This study was conducted in order to examine the language choices made in Richard Wright's Black Power and process how language was used to identify Africans/Africa as the Other and identify Richard Wright himself in the midst of such otherness. In the field of travel writing, this account, detailing time the travel and time spent in The Gold Coast in 1953 resides as one of the most significant works in the genre by one of the best known African-American writers of the 20th century. For this memoir, the overwhelming strength of some of the lexical choices made by Wright lends itself for a deeper interpretation of the objects being described along with finding one's own self. Using a Systemic Functional Linguistic approach within the area of Critical Discourse Analysis, I closely examined the text for applicable terms which would provide insight into both the Other and the self detailed in the text. Terms such as distance, primitive, strange, and morality, along with descriptions of African bodies contributed to the projected image of the Other. To identify the self, heritage and descent were examined along with conversations Wright had with locals and terms used to show confusion with one's surroundings. From the excerpts gathered, it became clear that Wright was extremely judgmental and critical of both Africa and the Africans he came across, so much so that they were positioned very differently than Wright himself, despite common ancestral ties. At the same time, Wright attempted to better define a major marker of his own personal identity in the land of a problematic identifying term, the African in African-American. The findings shed light on a complex issue among American members of the African diaspora in attempts to assess the role of Africa and its people for those who can trace their lineage back to the continent, yet don't have direct contact and access to the culture, and are commonly identified by the Africanness in their bloodline.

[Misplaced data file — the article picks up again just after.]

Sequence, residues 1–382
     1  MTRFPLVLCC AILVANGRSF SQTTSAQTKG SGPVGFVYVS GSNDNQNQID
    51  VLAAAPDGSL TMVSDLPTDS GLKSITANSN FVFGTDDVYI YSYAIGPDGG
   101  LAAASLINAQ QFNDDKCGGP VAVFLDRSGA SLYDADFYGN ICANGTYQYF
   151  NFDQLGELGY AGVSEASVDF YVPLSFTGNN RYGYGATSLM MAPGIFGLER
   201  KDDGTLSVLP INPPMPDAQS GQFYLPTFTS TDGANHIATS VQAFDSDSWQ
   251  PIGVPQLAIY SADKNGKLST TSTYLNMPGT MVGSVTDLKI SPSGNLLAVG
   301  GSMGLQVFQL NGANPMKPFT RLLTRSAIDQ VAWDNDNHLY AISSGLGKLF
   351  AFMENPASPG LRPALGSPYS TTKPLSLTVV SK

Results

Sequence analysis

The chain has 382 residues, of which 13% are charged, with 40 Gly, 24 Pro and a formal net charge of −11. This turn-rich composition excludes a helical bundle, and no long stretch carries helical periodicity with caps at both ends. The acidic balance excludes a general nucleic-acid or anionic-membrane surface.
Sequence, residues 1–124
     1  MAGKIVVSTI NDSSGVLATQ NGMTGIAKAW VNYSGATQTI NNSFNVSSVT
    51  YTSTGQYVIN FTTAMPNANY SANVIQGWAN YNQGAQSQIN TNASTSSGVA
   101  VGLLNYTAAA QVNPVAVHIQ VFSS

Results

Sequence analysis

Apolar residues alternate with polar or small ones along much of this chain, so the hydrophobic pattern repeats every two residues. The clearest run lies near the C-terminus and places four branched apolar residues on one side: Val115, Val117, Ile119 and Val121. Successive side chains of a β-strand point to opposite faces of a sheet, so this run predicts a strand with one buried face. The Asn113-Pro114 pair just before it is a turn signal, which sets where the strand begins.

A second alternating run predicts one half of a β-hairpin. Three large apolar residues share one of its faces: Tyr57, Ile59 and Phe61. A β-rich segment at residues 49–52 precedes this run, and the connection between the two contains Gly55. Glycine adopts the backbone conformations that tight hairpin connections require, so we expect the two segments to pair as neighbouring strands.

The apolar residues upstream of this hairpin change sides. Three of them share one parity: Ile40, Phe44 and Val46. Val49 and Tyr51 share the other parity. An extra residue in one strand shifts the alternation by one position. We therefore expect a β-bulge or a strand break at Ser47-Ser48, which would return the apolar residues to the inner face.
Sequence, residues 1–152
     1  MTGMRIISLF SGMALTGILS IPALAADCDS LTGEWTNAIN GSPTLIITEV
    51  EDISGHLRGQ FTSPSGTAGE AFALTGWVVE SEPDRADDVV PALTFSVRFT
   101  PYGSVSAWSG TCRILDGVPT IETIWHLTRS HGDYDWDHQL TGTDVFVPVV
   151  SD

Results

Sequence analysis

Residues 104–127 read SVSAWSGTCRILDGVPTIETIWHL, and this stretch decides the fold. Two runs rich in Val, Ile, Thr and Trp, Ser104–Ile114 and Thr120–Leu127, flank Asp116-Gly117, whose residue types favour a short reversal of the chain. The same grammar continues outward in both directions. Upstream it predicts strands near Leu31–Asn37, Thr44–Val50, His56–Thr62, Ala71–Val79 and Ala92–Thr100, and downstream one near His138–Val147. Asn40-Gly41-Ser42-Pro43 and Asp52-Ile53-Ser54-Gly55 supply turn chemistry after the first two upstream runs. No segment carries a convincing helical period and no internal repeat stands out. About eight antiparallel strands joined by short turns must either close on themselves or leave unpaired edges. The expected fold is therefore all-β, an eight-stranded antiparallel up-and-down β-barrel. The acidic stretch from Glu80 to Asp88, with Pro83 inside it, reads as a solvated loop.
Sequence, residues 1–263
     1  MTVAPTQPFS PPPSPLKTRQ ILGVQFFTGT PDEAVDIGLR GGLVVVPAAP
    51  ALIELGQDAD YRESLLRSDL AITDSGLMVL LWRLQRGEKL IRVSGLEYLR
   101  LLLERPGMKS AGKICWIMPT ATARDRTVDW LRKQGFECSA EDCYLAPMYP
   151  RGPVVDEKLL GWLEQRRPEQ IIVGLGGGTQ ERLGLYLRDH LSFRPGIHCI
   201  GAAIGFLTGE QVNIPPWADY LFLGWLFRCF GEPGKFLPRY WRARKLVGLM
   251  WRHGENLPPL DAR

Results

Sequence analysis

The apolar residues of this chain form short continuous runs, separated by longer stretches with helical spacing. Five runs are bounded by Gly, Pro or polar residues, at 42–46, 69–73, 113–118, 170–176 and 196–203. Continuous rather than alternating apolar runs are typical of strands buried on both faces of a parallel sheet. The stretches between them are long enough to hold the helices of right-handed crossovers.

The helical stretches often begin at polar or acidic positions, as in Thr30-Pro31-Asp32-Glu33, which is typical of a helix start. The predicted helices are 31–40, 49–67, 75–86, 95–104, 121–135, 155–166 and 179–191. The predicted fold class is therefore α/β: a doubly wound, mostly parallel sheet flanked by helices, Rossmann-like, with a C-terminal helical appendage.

Applied Linguistics Department
MA in Teaching English to Speakers of Other Languages
Date of Award
Online Submission Date
Committee Member 1
Reem Bassiouney, Atta Gebril
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(2017).Positioning of the Other and identity of the self revealed in Richard Wrightâ€™s Black Power: A critical discourse analysis [Master’s thesis, the American University in Cairo]. AUC Knowledge Fountain.
Francesco, Nicholas. Positioning of the Other and identity of the self revealed in Richard Wrightâ€™s Black Power: A critical discourse analysis. 2017. American University in Cairo, Master's thesis. AUC Knowledge Fountain.